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Technion researchers offer a solution to a long-standing mystery in the sun

The chemical composition of the Sun's corona may have originated from past and present flares

An illustration of the Chandra space telescope launched in 1999. Its greatness is its ability to measure X-ray spectra with a higher resolution than any other instrument. Photo credit: NASA
An illustration of the Chandra space telescope launched in 1999. Its greatness is its ability to measure X-ray spectra with a higher resolution than any other instrument. Photo credit: NASA

Technion physics faculty researchers offer a solution to a long-standing mystery - how was the sun's corona formed and how did it reach temperatures of millions of degrees, a thousand times that of the sun itself? In an article that will be published in the scientific journal Astronomy & Astrophysics, they say that it is possible that the origin of the sun's corona is in past and present flares that enriched it.

The sun's crown (corona) is a hot and thin shell of the star around which we circle. The temperature of the Sun's corona reaches several million degrees, about a thousand times more than the yellow face of the Sun. The chemical composition of the corona is also different from that of the sun's surface. How was the sun's corona formed, how did it reach such high temperatures, and what is the process responsible for a different chemical composition in the corona than in the sun? These are puzzles that have occupied scientists for decades.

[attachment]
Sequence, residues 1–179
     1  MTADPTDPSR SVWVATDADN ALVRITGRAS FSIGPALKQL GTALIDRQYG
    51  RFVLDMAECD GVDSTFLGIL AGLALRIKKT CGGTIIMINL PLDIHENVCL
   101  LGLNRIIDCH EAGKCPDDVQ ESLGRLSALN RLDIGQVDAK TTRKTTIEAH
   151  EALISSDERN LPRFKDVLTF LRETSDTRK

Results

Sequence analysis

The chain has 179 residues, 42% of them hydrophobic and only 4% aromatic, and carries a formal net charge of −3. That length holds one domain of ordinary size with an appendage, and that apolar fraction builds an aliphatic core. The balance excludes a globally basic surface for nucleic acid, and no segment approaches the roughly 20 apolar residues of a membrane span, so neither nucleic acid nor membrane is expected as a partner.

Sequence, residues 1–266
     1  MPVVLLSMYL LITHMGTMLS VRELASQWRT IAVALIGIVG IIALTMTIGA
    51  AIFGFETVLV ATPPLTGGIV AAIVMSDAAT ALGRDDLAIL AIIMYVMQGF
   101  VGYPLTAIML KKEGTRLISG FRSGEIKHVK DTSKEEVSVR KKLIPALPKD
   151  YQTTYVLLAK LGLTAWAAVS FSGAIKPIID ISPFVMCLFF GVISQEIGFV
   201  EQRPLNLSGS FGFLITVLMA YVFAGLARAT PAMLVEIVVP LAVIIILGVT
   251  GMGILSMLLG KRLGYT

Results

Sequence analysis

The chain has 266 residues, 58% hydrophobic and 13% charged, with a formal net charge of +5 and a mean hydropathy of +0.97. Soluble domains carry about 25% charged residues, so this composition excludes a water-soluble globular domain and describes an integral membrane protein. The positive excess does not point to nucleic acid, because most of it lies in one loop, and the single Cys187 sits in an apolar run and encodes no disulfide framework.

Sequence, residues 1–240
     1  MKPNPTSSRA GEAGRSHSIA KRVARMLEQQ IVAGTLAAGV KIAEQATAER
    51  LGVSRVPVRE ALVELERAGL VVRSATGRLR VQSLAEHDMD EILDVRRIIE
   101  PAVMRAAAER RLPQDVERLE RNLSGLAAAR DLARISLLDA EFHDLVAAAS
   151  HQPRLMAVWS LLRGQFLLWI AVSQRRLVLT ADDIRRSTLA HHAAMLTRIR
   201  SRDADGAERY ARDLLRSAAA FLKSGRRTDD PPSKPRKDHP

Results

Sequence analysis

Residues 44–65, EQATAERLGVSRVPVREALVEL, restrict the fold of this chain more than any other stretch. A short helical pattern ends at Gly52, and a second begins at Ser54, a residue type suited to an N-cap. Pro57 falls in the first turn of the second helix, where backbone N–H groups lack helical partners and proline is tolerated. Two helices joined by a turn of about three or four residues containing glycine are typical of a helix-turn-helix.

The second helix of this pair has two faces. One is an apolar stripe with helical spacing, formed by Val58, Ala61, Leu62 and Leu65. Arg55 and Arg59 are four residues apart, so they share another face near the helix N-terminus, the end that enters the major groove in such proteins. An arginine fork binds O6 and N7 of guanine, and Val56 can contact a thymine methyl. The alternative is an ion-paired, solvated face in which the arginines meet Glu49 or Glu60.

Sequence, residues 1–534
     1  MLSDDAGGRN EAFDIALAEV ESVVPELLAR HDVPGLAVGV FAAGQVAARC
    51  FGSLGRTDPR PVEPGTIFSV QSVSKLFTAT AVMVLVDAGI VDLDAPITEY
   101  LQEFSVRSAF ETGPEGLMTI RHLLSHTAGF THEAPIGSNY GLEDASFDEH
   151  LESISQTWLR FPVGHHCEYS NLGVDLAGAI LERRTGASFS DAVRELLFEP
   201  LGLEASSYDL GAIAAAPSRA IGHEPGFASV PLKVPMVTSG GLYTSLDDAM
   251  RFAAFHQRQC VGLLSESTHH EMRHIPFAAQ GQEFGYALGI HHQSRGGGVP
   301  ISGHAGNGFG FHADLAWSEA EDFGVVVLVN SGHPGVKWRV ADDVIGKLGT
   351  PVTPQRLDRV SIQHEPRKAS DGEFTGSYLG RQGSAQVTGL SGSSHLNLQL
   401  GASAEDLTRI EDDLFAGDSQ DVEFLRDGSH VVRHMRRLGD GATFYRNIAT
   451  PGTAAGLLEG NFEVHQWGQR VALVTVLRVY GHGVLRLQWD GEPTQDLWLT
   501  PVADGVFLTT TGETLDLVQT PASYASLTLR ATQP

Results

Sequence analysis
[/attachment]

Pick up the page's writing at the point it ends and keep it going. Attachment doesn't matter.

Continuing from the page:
Ra'anan Nordon from the Physics Faculty at the Technion and his PhD supervisor, Dr. Ehud Bachar, analyzed a series of observations made with the help of the American Space Agency's Chandra space telescope on six stars neighboring the Sun and in which there is active coronal activity, several thousand times more energetic than that of the Sun.

"The enormous temperatures of the star's corona mean that they cannot be seen with ordinary telescopes in visible light," they explain. "Indeed, Chandra is a telescope that is sensitive to much more energetic radiation, X-ray radiation. "Flares sometimes occur in the coronas of stars, in which the flux of X-ray radiation from the star and the temperature of the gas increase several times."

Ionized gas was ejected from the Sun following an eruption, as captured by the cameras of the SOHO satellite designed for UV observations of the Sun. The length of the trail is about thirty earth radii.
Ionized gas was ejected from the Sun following an eruption, as captured by the cameras of the SOHO satellite designed for UV observations of the Sun. The length of the trail is about thirty earth radii.

Using the sensitive spectrometers on Chandra, the Technion researchers were able to measure the chemical composition of the radiation sources, namely the concentrations of different chemical elements, such as oxygen, neon, silicon, and iron. To their surprise, it turned out that the chemical composition of the star's corona changes during the flare in a different way than expected. Moreover, the chemical change in the stars was found to be identical in pattern to the difference in chemical composition between our Sun and its corona. It has been known for a long time that the sun's corona is richer in atoms from which it is relatively easy to remove an electron (ion) than the sun itself. Even in flares observed by Technion researchers on other stars, it was found that the concentration of these elements increases significantly during flares.

"The full meaning of the result is still not entirely clear, but it is possible that the chemical pattern discovered in the stars hints at the solution to the long-standing puzzle of the chemical composition of the Sun's corona," say the researchers. "If, as was discovered in this study, flares bring to the corona in preference elements that are easy to ionize, it is possible that the origin of the sun's corona is from past and present flares that enriched it with these elements."

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